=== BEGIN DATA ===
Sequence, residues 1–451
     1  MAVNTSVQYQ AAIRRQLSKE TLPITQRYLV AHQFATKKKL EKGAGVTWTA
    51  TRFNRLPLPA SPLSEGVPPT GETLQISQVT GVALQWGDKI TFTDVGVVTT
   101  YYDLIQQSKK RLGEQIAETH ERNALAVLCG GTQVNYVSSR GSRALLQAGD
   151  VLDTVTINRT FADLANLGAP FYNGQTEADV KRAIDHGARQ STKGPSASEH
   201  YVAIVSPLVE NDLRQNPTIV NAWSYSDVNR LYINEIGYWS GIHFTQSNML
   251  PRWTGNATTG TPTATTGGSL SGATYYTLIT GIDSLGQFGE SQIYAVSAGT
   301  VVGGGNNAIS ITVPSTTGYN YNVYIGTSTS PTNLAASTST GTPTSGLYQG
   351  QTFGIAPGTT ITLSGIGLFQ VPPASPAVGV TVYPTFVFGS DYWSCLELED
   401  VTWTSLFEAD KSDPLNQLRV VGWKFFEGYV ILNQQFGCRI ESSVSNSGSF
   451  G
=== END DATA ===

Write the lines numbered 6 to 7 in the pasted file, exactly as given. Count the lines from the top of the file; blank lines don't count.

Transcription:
   201  YVAIVSPLVE NDLRQNPTIV NAWSYSDVNR LYINEIGYWS GIHFTQSNML
   251  PRWTGNATTG TPTATTGGSL SGATYYTLIT GIDSLGQFGE SQIYAVSAGT